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View Diary: Google asks government to allow publishing of national security request information (75 comments)

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  •  Facebook seems to have joined Google (2+ / 0-)
    Recommended by:
    inclusiveheart, psychodrew

    In asking for transparency for something they deny.
    http://newsroom.fb.com/...

    tatement from Facebook General Counsel Ted Ullyot:

    As Mark said last week, we strongly encourage all governments to be much more transparent about all programs aimed at keeping the public safe. In the past, we have questioned the value of releasing a transparency report that, because of exactly these types of government restrictions on disclosure, is necessarily incomplete and therefore potentially misleading to users. We would welcome the opportunity to provide a transparency report that allows us to share with those who use Facebook around the world a complete picture of the government requests we receive, and how we respond. We urge the United States government to help make that possible by allowing companies to include information about the size and scope of national security requests we receive, and look forward to publishing a report that includes that information.

    •  Their CEO is still using from what I saw (4+ / 0-)

      quotes that are very legalistic like "We don't work directly with the NSA or any other program in order to proactively give any user information to anyone"

      That's a lot of parsing and specific language that's obviously written by their lawyers and PR

    •  The FaceBook statement underscores my (0+ / 0-)

      point which is that without the trust they need to be able to engender with users, their brands and their financial models are at risk.

      It is important to remember that the government is effectively piggy-backing on these companies' businesses in order to do their spying.  The government's aim is to stop terrorists, etc. while the companies exist to make money.  These internet businesses attract customers because of their services or opportunities for social networks and if their ability to attract customers is compromised, there will be a problem for them.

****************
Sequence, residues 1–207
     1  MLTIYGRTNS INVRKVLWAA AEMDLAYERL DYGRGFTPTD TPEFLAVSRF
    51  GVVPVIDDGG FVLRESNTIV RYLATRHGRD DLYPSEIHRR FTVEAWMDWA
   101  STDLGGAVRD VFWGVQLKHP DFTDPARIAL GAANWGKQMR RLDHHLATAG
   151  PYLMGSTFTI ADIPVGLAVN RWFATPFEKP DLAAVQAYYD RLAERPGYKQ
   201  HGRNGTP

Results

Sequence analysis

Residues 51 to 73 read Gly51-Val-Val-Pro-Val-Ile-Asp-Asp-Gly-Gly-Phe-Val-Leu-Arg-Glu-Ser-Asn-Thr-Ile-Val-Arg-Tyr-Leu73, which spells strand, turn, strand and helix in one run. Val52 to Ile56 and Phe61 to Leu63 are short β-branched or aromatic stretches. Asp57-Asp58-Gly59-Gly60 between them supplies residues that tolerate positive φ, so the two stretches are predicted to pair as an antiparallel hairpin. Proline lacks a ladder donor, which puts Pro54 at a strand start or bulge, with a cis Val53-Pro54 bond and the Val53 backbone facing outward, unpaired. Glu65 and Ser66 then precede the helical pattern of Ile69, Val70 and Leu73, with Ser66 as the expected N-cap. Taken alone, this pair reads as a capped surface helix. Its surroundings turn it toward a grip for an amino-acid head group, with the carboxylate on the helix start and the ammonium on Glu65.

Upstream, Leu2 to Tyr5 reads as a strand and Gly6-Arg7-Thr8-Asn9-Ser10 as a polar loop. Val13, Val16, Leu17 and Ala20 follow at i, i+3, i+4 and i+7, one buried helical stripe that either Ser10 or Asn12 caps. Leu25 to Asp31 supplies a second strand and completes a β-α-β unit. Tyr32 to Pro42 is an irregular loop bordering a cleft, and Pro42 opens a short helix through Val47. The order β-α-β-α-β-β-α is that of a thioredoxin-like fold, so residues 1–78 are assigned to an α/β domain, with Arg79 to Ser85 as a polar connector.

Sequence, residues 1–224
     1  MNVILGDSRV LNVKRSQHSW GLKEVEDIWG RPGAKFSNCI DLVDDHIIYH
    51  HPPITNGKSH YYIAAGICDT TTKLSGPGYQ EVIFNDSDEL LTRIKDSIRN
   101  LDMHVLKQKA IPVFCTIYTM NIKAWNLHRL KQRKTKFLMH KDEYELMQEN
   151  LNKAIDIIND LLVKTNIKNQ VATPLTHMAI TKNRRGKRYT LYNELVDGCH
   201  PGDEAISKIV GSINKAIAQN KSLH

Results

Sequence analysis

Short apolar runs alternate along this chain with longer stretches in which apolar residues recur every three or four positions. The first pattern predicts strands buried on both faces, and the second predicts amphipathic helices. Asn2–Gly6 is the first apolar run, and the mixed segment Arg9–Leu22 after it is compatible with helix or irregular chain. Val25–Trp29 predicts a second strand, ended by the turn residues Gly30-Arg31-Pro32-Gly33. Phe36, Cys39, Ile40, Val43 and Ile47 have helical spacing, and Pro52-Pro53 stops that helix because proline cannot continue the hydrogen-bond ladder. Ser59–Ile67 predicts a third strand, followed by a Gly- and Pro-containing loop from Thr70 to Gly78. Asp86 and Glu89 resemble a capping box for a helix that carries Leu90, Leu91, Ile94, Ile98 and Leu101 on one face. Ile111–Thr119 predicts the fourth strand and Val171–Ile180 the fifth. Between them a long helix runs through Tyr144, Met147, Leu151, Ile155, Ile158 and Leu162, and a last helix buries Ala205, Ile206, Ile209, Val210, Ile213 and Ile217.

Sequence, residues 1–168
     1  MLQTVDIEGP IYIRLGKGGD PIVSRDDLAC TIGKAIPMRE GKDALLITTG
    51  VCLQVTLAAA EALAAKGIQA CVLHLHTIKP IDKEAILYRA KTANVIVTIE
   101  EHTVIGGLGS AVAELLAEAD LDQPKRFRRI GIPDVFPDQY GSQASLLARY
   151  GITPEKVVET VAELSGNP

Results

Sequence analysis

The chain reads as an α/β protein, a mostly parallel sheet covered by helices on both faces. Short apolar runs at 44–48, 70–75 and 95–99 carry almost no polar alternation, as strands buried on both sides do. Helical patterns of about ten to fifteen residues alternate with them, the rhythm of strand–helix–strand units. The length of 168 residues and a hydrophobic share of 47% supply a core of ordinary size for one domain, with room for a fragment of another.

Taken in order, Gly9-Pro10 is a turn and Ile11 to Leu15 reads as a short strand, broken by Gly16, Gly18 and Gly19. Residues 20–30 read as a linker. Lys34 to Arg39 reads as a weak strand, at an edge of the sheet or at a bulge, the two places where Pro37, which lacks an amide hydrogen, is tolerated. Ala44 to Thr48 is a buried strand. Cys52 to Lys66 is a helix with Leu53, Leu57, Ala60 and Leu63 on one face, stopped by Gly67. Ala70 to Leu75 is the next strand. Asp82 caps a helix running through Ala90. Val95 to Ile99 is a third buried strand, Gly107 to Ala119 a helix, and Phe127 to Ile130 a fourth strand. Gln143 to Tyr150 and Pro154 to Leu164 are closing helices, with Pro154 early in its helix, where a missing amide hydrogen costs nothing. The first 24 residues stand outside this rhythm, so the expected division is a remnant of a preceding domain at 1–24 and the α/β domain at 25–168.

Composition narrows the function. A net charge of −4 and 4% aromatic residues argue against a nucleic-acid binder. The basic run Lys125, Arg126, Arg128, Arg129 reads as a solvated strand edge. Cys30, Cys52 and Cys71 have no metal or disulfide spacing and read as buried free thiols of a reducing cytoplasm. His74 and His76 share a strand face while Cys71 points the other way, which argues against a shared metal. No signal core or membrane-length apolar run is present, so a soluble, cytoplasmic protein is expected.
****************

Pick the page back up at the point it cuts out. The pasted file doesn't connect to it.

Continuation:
Meanwhile, the government really needs these enterprises to be attractive and to retain customers/traffic because whether or not they know it, the government is not going to ever be able to get people to join a government social networking enterprise or use a government sponsored search engine - right?  See where this goes?

      So, the government has to be careful not to kill the goose that laid the golden egg; and the goose has got its own agenda which is to profit off of that golden egg.  It is ironic that no one would nationalize banks when on some level if the government is not careful to keep these businesses in tact, they would have not only in effect nationalized the businesses, but also caused them harm potentially to the point so as to make them useless to the spying program.

      So, there's a lot here and not everyone's objectives are completely aligned - and big money is at stake.  It is going to be interesting to see how this plays out.

      •  Facebook (0+ / 0-)

        Facebook is already in decline. The PRISM revelations will only hasten that. No one can put that genie back in the bottle. The damage is done.

        +++ The law is a weapon used to bludgeon us peasants into submission. It is not to be applied to the monied elite.

        by cybersaur on Tue Jun 11, 2013 at 03:54:50 PM PDT

        [ Parent ]

        •  FaceBook is just one example of many. (0+ / 0-)

          Reread what I said and replace the name FaceBook with any and all of the social networking sites - this conflict of interest applies to all with respect to this government spy program.

          •  other sites (0+ / 0-)

            I don't disagree with you

            +++ The law is a weapon used to bludgeon us peasants into submission. It is not to be applied to the monied elite.

            by cybersaur on Tue Jun 11, 2013 at 04:43:10 PM PDT

            [ Parent ]

            •  The main point - and FB is still important (0+ / 0-)

              in the mix no matter how you feel about them given their worldwide membership - is that the inherent conflict between the aims of a business concern (making money) and the aims of a government (whatever it is that day) will come to a head in this particular situation unless both parties go to great pains to avoid that moment where they cannot avoid being at cross purposes.

              It is probably safe to say that one of the reasons that the spying apparatus is so angry with Snowden is that he has upset that delicate balance between the government symbiotically sucking off of the teat of these businesses' treasure trove of data mining versus ending up being parasites that kill these that lay these golden eggs.

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